When you change your purpose statement, you are proposing an entire new line of research. This can make a big difference even as you are doing research on the same original problem.
On a previous question of yours, I gave the example of a study on negative advertising in political campaigns. The general statement of the problem was that negative campaign ads exist and that they are said to have bad effects on voters. The purpose statement said that we would try to research the effects of such ads on voter attitudes towards the political process.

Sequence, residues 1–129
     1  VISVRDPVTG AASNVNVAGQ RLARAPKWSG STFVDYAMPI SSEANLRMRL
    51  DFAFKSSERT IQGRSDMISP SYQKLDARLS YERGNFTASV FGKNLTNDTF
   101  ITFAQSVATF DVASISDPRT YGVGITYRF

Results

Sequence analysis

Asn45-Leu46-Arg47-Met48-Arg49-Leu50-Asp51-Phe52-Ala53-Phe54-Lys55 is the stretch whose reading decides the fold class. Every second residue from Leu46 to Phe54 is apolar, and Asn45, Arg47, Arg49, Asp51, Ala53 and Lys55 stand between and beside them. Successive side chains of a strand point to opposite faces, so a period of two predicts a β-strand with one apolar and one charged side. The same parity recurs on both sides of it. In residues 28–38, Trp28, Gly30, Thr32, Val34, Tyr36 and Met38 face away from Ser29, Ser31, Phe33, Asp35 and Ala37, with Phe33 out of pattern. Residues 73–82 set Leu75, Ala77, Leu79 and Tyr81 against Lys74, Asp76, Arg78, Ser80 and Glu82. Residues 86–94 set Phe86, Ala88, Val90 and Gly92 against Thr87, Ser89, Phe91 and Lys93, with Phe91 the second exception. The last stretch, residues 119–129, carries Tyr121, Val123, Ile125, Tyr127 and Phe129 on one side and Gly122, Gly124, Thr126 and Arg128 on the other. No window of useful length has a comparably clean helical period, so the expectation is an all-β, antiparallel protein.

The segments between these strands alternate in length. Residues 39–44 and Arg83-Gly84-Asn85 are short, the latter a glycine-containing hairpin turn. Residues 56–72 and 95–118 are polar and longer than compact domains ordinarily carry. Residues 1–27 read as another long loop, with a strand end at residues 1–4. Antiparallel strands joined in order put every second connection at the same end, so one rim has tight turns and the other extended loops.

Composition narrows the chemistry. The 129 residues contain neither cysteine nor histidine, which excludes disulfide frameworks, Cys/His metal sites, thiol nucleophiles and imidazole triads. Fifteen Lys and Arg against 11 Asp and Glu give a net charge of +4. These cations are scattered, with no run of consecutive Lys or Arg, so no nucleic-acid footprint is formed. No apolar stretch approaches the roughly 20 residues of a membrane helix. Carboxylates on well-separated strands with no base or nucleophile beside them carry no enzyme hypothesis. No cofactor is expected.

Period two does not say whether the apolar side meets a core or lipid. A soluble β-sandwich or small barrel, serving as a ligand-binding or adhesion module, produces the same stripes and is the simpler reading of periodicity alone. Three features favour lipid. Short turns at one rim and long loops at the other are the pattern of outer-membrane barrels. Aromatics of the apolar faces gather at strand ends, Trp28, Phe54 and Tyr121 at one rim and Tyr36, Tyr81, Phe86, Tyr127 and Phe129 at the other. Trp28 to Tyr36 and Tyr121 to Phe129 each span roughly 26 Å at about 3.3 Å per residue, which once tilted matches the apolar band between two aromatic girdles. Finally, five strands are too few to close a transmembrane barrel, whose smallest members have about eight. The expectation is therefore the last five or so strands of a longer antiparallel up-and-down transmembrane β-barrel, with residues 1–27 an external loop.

But imagine if we changed the purpose statement a bit. We would still be studying negative campaign ads, but now we would look at whether they work or not. We would change our purpose statement to say that we will look at the impact that the negative ads have on voters' attitudes towards the target of the ads. We could also look at the impact on attitudes towards the maker of the ad.
In this way, we would still have the same problem statement, but we would now have a purpose statement that completely changed the focus of the study.